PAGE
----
Iranians face dilemma as New Year and Ramadan coincide


Tehran is emptying out ahead of the Persian New Year, as it is every year, but this time Iranians are forced to adapt as the festival coincides with Ramadan.

More than 300 million people in a dozen countries – including Afghanistan, Iraq and Turkey – will wish each other “Nowruz mobarak” or Happy New Year on Tuesday, when Iranians mark the entry of the year 1402 in the Persian calendar .

The Nowruz new year festival has been celebrated for 3,000 years and begins on the first day of spring and celebrates the rebirth of nature, with almost two weeks of silence on the streets of Tehran as people abandon the city for the countryside.

“For 15 days, we try our best to forget the difficulties of everyday life by spending time, eating carefully prepared meals and offering gifts to family and friends,” said Laleh, a student who left Tehran from her home city of Tabriz in the northwest.

This year, however, Muslims who celebrate Nowruz, including nearly all of Iran’s 85 million population, will have to reconcile those traditions with the obligations of Ramadan, the Muslim holy month of fasting.

During Ramadan, which is due to start on March 22 or 23, Muslims are invited to abstain from eating and drinking from dusk to dawn.

That creates a dilemma for the final festival of Nowruz, 12 days after the start of the new year marked by Sizdeh Bedar, or “the day of nature”, when Iranians go on picnics during the green.

Last year, Attorney General Mohammad Jafar Montazeri warned that those who fail to fast in public face punishment.

Even eating in your car, which is not “considered a private space”, punishable, he said.

Religious expert Mohsen Alviri advises those planning to have picnics to go without food until they break their fast.

“In Shiite jurisprudence, if the faithful travel a certain distance from their city of residence, they are considered travelers and may not tap,” he said.

– ‘A sad year’ –

Although considered a pagan festival, Nowruz was never challenged in Iran after the 1979 Islamic Revolution.

“There is no doubt that Nowruz was a national holiday before Islam. But it does not contradict any of the Muslim teachings,” said Mohsen Alviri, a Shiite cleric and religious historian in Tehran.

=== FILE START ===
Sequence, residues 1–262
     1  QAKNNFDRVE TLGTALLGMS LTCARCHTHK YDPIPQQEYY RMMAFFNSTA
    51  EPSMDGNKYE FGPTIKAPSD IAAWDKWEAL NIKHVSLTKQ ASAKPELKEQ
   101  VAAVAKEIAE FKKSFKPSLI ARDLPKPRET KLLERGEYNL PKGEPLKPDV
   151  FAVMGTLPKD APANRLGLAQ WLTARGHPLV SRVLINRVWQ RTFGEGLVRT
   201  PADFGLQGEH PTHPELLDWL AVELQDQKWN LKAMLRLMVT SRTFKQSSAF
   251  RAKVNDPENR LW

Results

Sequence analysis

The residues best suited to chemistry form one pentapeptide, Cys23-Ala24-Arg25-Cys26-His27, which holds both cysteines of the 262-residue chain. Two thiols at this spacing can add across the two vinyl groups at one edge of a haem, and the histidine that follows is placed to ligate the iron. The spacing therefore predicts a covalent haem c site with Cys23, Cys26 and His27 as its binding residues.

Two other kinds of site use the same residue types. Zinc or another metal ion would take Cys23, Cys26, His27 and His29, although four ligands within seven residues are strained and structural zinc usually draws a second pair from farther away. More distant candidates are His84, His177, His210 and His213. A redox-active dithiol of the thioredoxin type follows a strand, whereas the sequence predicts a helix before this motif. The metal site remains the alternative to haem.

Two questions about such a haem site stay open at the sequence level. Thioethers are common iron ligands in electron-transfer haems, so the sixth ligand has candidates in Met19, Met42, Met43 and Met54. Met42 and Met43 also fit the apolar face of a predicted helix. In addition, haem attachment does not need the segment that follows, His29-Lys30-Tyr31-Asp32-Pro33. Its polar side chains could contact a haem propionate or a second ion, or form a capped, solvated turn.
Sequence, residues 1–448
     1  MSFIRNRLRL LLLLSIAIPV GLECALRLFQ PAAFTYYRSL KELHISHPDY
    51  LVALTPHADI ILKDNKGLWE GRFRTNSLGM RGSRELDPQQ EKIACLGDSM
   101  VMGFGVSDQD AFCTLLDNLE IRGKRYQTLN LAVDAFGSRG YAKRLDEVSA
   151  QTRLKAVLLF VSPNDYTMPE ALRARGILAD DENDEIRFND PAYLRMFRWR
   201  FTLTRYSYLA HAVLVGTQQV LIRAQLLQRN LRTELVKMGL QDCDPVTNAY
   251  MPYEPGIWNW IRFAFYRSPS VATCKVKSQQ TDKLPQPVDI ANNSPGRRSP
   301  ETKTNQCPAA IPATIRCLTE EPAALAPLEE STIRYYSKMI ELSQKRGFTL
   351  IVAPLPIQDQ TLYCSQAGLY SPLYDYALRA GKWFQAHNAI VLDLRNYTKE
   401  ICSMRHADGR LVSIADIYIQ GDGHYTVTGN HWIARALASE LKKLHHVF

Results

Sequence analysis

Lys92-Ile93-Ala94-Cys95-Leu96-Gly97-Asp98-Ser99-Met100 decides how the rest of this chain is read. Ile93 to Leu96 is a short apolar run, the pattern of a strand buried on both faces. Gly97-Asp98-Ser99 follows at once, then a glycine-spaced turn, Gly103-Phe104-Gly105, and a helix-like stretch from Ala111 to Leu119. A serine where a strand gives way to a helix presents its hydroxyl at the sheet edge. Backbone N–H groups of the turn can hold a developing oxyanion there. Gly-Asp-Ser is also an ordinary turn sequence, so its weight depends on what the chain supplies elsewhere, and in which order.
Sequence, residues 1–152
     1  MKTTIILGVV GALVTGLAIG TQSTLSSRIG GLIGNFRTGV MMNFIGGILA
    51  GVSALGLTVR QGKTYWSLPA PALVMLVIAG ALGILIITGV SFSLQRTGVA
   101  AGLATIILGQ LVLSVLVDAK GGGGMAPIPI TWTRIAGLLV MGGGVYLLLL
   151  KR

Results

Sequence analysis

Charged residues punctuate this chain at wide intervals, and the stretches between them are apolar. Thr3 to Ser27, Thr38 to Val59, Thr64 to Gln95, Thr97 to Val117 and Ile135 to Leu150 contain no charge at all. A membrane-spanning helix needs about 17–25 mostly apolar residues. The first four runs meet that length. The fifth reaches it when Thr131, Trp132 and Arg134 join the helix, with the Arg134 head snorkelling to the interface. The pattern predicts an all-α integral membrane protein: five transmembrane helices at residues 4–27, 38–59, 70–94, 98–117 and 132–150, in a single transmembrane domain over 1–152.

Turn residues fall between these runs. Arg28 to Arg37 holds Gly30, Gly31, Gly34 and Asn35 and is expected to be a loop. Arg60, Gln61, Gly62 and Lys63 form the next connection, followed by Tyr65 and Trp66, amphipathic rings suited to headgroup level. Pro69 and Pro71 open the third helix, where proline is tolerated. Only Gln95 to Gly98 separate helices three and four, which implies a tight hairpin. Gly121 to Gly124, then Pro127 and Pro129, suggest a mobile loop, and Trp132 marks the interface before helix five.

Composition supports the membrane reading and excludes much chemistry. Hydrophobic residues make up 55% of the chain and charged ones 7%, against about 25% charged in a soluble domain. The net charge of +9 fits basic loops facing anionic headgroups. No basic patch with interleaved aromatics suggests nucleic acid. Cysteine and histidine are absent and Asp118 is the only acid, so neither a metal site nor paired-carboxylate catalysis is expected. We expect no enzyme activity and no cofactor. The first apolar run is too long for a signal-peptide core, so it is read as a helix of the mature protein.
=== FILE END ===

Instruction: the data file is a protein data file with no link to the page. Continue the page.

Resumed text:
“Nowruz draws attention to the preservation of nature and emphasizes the elimination of resentment between people, respecting elders, visiting relatives … these are values ​​strongly recommended by Islam,” he said .

As they await Nowruz, however, some Iranians say they are not in a festive mood after a difficult year marked by high inflation and tension on the street.

Iran has been a target for the easing of US economic sanctions since 2018, the year President Donald Trump withdrew the United States from a landmark nuclear deal.

The Islamic Republic has also been rocked by a protest movement that flared after the death on September 16 in custody of Mahsa Amini, a 22-year-old Iranian Kurd who was arrested for allegedly violating the strict dress code for women.

The resulting violence claimed the lives of hundreds of people, including dozens of security personnel, and arrested thousands more, casting a shadow over this new year’s celebrations.

“This is a very sad year. I loved Nowruz but I am so unhappy that I didn’t even clean the house,” said Effat, a 75-year-old woman who was shopping at Tehran’s Tajrish bazaar.

“I didn’t even buy a goldfish and a jar of wheat sprouts,” she said, referring to symbolic objects used to commemorate the festival.

But Razieh, a housewife in her 50s, can only look at the stalls that are overflowing with colorful goods for the festival.

“I ask the prices, but not being able to buy much,” she said with a sigh.

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